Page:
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This article by Barbara Fox was prepared for the November 20, 2002 edition of U.S. 1 Newspaper. All rights reserved.

Tort Reform?

In New Jersey there is no cap on compensatory damages

for medical malpractice, and the damages come in three forms: medical

expenses, lost wages, and non-economic damages. The latter category,

often known as "pain and suffering," includes the loss of recreational

activities and enjoyment of life.

Bills on the federal and state level would put caps on non-economic

damages for medical malpractice insurance. SB 1902, introduced in

Trenton by Republican senators Joe Kyrillos Jr. and William Gormley in

October, would put a $250,000 or $500,000 cap on non-economic damages

depending on the extent of the injury.

The American Insurance Association (AIA) and the Concerned Citizens

for Care New Jersey (www.concernedcitizensforcarenj.org) supports this

bill. "In other states, such as Maryland, that have enacted

non-economic damages caps, the markets and premiums have been much

more stable," says Jack Andryszak of the AIA. A different reform bill,

without caps, is also being proposed in the state senate.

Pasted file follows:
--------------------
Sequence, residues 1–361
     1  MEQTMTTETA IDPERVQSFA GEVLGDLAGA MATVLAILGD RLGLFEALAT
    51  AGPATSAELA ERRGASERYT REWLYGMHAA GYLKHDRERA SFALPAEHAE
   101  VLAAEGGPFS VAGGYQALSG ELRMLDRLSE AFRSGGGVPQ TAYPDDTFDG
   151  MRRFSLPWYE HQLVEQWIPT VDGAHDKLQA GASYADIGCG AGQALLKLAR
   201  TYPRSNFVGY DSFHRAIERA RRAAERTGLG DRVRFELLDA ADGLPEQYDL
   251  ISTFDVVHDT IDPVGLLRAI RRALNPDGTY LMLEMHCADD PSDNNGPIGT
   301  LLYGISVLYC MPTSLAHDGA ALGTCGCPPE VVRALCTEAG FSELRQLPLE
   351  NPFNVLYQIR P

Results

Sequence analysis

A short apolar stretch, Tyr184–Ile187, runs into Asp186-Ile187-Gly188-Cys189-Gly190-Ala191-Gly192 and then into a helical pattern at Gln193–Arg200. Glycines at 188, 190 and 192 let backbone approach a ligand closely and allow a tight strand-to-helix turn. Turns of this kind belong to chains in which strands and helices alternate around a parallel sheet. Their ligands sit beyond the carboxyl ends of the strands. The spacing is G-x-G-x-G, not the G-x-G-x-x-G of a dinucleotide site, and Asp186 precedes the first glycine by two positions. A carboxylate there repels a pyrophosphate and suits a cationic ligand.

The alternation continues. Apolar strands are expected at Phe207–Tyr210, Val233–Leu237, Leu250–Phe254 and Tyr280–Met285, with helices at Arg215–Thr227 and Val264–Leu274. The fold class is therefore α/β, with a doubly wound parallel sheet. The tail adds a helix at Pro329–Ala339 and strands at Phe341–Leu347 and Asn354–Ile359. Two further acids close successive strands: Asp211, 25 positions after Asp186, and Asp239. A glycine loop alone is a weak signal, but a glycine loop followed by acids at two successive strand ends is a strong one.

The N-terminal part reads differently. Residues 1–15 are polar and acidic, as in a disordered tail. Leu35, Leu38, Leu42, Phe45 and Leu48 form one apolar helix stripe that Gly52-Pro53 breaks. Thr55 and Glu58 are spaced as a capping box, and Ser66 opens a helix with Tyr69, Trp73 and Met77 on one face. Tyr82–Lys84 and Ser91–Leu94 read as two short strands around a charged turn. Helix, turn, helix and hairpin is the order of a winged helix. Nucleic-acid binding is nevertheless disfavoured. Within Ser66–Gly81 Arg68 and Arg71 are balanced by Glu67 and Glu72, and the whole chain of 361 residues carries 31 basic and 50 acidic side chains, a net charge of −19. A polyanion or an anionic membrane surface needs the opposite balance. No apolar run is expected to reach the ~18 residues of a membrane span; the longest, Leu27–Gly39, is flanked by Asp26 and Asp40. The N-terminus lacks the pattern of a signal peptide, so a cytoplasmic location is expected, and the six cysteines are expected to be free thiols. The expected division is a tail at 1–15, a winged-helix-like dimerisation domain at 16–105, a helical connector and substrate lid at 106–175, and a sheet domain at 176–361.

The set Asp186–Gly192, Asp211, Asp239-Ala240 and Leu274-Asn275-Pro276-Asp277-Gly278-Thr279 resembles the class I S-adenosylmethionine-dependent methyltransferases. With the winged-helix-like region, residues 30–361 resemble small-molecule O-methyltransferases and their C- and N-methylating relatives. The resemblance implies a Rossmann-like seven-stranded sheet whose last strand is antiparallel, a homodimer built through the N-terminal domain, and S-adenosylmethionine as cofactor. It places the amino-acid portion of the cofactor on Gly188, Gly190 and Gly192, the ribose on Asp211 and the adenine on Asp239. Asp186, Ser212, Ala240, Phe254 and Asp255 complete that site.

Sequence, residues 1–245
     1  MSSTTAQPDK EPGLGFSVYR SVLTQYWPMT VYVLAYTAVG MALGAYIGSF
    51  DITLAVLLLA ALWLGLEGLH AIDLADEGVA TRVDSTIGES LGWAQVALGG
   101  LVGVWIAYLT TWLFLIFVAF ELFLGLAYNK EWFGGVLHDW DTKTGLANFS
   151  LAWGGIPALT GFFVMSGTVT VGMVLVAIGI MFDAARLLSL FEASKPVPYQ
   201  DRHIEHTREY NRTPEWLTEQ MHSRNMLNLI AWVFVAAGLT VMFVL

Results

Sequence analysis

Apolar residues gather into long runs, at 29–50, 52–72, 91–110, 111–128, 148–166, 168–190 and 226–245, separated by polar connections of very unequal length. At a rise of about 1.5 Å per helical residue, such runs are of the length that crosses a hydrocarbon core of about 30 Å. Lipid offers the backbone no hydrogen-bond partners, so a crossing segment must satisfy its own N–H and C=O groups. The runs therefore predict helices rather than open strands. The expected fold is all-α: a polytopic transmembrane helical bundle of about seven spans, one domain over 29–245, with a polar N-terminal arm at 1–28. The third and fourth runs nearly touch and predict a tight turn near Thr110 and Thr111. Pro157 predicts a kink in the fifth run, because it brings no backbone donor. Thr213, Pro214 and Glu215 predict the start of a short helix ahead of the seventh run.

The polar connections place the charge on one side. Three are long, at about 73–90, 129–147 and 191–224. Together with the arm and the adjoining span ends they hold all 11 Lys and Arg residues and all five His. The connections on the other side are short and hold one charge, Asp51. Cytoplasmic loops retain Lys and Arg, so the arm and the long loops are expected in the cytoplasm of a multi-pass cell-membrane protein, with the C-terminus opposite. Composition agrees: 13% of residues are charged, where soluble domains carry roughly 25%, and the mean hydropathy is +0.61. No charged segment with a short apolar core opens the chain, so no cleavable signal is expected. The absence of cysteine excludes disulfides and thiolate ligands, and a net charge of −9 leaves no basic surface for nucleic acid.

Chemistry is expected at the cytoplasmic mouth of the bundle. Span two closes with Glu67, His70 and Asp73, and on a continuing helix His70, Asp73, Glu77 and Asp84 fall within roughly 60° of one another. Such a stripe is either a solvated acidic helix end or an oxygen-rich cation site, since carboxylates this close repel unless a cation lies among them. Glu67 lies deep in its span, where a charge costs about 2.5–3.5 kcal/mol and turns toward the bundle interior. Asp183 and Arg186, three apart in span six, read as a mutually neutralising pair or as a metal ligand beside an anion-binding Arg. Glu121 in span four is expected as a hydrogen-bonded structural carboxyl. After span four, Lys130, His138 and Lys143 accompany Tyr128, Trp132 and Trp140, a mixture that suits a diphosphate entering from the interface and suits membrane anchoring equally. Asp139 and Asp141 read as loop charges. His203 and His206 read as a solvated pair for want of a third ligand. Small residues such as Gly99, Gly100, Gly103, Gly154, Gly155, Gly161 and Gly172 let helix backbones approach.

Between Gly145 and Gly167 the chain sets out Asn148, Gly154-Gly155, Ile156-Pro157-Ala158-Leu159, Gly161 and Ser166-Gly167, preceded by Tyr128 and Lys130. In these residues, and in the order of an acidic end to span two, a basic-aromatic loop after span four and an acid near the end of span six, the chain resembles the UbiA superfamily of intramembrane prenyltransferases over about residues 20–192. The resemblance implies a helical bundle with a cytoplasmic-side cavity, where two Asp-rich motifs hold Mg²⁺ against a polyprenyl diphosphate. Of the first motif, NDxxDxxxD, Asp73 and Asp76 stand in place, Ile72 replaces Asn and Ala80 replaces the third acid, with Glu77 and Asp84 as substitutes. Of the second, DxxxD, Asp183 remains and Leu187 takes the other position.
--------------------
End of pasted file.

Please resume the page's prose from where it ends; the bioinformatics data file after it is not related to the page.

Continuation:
On the federal level, the House of Representatives was considering HR

4600, the Help Efficient, Accessible, Low Cost, Timely Health Care

(HEALTH), supported by the American Association of Health Plans.

Nevertheless, most lawyers would insist that today’s rise in insurance

premiums is due, not so much to outrageous jury awards, but to the

general rise in insurance premiums from the stock market downturn

(which turned insurance investments sour) and the payouts that the

companies had to make as a result of the 9/11 attack. Moreover, they

insist, no long term study has shown conclusively that a reduction in

caps will result in lower premiums.

Says Michael Donahue of Stark & Stark: "Tort limitations restrict

people’s access to the court system and forces the court to treat

everyone the same."


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